Last reply 3 years ago
Has MS had a positive affect at all?

Hi All,

Maybe a pretty bizarre question but thought I’d ask if MS has had a positive affect on your life??

I know MS is a horror but since I was diagnosed I’ve found that I’ve been a bit braver and decided to grab my ambition with both hands. For many years I’ve been writing poetry and Lyrics but only for me to read. Last year I decided to get the help to bring my lyrics to life. I then went on to submit the song to a competition. I’m still waiting to hear I’ve won (pleeeeeease) but since my diagnosis, I’m braver and pushing myself more.

I just wondered if anyone else has done something that maybe they wouldn’t have prior to their diagnosis??


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3 years ago

Yes it has. I used to worry about what people thought of me, now I dont. I used to think work was important, now I dont. I saw a long eared owl in the tree at the back of my garden in the dusk this evening and it was fantastic. Having Ms has stopped me worrying about most of the stupid shit that used to eat me up. We all only have a finite amount of time, but most people don’t know it. I do and that is something very precious that has come out of this.

3 years ago

Hello Makki. Thanks for sharing your experience. The only positive thing of MS I can notice in me is that I stopped being ‘arrogant’ but instead I take things easy.

3 years ago


3 years ago

I spend a lot more money on myself, on the principle that having MS IS the rainy day.

3 years ago

Hi @makkymee, that sounds brilliant- fingers crossed! Shift have been exploring this idea recently too- check out the ‘MS energy’ tab to read other peoples’ stories of how they have found positives out of a negative- I often pop on for ten minutes in my lunch break for some inspiration 🙂

3 years ago

Yes. Not a bizarre question at all. I’ve re-evaluated a little. I’ve realised I spent a lot of time worrying about unimportant things, and I’m trying to be more ‘in the moment’ – since now is all that really exists anyway. I have a better work/life balance. Life still has its ups and downs of course…..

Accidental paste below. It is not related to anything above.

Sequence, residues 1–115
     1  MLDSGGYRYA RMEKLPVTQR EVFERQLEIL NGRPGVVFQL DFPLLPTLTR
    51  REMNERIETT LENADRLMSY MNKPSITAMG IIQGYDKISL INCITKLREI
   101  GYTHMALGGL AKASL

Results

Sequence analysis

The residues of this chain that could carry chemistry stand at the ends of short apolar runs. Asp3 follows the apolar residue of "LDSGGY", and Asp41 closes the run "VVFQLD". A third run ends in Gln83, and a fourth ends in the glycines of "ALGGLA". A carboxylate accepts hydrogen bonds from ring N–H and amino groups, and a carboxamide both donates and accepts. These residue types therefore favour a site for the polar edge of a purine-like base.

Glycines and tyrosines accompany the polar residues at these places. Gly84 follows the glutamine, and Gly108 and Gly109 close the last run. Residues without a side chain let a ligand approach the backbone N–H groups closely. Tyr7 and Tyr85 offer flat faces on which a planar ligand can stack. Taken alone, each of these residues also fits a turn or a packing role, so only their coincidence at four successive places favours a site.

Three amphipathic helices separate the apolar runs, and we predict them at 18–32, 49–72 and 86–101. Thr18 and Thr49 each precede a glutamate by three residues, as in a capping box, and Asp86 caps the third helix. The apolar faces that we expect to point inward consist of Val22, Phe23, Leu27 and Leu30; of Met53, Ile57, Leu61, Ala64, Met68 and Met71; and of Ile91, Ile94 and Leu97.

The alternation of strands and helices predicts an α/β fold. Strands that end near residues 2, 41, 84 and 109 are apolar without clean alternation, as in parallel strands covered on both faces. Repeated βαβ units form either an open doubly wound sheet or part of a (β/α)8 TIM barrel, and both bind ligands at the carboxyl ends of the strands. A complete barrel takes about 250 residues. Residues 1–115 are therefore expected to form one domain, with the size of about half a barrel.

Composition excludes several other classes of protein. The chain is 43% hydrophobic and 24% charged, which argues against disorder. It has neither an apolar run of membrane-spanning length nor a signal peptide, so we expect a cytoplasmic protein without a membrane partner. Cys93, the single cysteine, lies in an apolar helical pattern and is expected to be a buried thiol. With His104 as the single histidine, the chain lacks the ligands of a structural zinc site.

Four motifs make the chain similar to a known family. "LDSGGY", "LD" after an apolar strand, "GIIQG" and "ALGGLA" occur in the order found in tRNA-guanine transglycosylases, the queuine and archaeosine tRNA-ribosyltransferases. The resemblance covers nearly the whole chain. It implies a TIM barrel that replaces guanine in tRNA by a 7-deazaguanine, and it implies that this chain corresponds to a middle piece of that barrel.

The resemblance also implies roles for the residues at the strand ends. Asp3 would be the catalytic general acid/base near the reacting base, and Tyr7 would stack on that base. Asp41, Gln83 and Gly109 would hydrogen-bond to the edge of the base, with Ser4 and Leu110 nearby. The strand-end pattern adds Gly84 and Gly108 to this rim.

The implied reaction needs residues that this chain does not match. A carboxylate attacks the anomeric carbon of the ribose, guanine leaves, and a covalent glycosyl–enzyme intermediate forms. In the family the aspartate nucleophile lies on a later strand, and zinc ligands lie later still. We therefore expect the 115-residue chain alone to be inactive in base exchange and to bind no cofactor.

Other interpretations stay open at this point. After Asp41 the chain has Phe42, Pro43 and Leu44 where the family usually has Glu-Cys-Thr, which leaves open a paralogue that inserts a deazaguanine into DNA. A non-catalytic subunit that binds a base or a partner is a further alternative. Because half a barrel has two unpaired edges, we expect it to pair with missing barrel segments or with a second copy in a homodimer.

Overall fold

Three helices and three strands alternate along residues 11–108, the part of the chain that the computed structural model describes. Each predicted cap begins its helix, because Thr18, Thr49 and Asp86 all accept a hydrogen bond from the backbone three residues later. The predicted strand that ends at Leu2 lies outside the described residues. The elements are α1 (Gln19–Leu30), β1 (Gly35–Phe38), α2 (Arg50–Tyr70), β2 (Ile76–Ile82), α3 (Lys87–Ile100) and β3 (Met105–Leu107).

3 years ago

Do you know the ‘Spoon’s Story’? Basically that you have a finite amount of energy per day/per week and you better spend it wisely- and you cant borrow from other days.

if you ‘push it’ MS will make you pay.

So like many others- I have become very discriminatory in what activities and people ‘rate’ my time. I dont tell them this- but I have to chose between activities- I simply cant do them all- so there are ‘winners and loser’ among the activities I chose to do.

Last year, after treatment with Lemtrada, I started to get function and activity back- i have less fatigue and I move much better.

You would think this might cause me to include more ‘things’ but each bit of energy and ability is so precious- so have it back now- that I might be more discriminatory than ever!

I think this is a good thing overall- I definitely enjoy life more, doing what is most important to me- prioritizing.

3 years ago

Thanks so much for the stories, recommendtions and the inspiration. It helps to read people’s thoughts and actions. I went the gym today for the first time in months after reading about the runners so thanks all for helping to push me in the right direction.

I’ve never heard of the spoon story but will def start practicing & thanks for the MS Energy pointer, I’ll check it out.

I just want to say that my diagnosis was a huge shock & it did take me to come to terms with it. Through time, encoraging words and reading Montel Williams book, I knew I had to change me.

Thanks all

Also, just

3 years ago

@tabbycat While I don’t see it as a positive at all (I hate MS and the whole I have it but it will never have me stuff) I can relate to what you say. I no longer sweat the small stuff and I’m a lot bolder and more confident in many ways 🙂

3 years ago

Yes I’m more positive, I haven’t stopped painting and I paint to donate a percentage to MS. I have been painting since I was little. I think of MS ( it was given to me for a reason)

3 years ago

Love your fishermen on donkeys @anawith1n

3 years ago

I positively know that my life will never be the same as it was 4yrs ago. I’m positive it’s getting worse every year. And I’m positive that I will keep doing as much as I can while I can.

3 years ago